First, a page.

I was born on Easter Sunday. My 25-year old dad was so thrilled at the arrival of his first child, that he skipped breakfast, opting instead to swallow six raw eggs on his way out the door to the hospital. An old family friend who happened to be a Country Music Hall of Famer announced my birth in deep baritone on the radio, “Katy Hope. Sounds like a ship coming in.” Photos of my mom holding me in her arms for the first time still make me cry.
Growing up with Hope as your middle name has a singular effect. It’s like somewhere inside you there’s a light that you can’t turn off, and most days it’s no big deal, but when the power goes out or times get tough, you’re glowing from within and it’s inexplicable. There really is a flame that never goes out. And that flame can illuminate an entire room when it’s dark enough.
I don’t know if hope came naturally or if it started with the good people at our country church adding me last minute to their Easter service, right there with The Resurrection and The Life. Maybe it was my grandmother planting an Easter lily that same day, so I could grow old enough to see it return every spring. Maybe hope was the product of being loved so much by so many people so early on, that even when it seemed like those people were falling apart, I had faith that love would hold us together, even if it was all we had. Love would have to be enough. That faith in love must be what hope is.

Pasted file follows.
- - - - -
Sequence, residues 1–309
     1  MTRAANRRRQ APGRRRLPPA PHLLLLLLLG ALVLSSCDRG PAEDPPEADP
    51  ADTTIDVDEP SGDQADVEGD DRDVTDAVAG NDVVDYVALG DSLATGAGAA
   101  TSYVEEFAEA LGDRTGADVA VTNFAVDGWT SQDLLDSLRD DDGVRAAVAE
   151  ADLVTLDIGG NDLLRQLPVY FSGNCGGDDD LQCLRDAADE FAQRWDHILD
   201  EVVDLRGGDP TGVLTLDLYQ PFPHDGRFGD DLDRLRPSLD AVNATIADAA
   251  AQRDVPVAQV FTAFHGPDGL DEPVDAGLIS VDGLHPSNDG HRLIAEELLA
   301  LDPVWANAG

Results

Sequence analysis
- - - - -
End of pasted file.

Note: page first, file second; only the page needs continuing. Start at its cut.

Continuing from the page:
Throughout my brooding twenties, as an artist finding my voice in the fog of Emerald City, I still couldn’t help but hope. One of the first music producers I worked with said something I think about to this day: “Your songs are full of melancholy, but even though they’re sad and dark, there’s always a twist; there’s hope at the end.”
I believe that. I believe in every song, in every story, there’s hope to be found and I’ve spent my whole life looking for it in all of its confounding and surprising forms. In the slow transformation from the best of times to the worst of times and back again, hope is the constant. Hope is the everlasting arms holding us long after we’ve grown and our mothers have died and our babies are crying for love.
Being born on Easter, I’ve thought a lot about what is said to have occurred that first Easter morning. In all its variations, Jesus of Nazareth got up and left his tomb. How’s that for a plot twist? There’s hope at the end.
Writing the Book of Hope
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